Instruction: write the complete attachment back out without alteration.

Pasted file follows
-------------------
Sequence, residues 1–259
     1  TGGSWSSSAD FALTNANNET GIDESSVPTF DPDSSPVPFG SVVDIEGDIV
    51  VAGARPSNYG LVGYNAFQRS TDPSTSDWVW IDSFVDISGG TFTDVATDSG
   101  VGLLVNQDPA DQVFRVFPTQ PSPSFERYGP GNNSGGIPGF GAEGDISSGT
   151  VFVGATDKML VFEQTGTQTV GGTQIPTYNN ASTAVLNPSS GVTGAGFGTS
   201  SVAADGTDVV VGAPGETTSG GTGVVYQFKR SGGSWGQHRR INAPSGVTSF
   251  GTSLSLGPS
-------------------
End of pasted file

Sequence, residues 1–259
     1  TGGSWSSSAD FALTNANNET GIDESSVPTF DPDSSPVPFG SVVDIEGDIV
    51  VAGARPSNYG LVGYNAFQRS TDPSTSDWVW IDSFVDISGG TFTDVATDSG
   101  VGLLVNQDPA DQVFRVFPTQ PSPSFERYGP GNNSGGIPGF GAEGDISSGT
   151  VFVGATDKML VFEQTGTQTV GGTQIPTYNN ASTAVLNPSS GVTGAGFGTS
   201  SVAADGTDVV VGAPGETTSG GTGVVYQFKR SGGSWGQHRR INAPSGVTSF
   251  GTSLSLGPS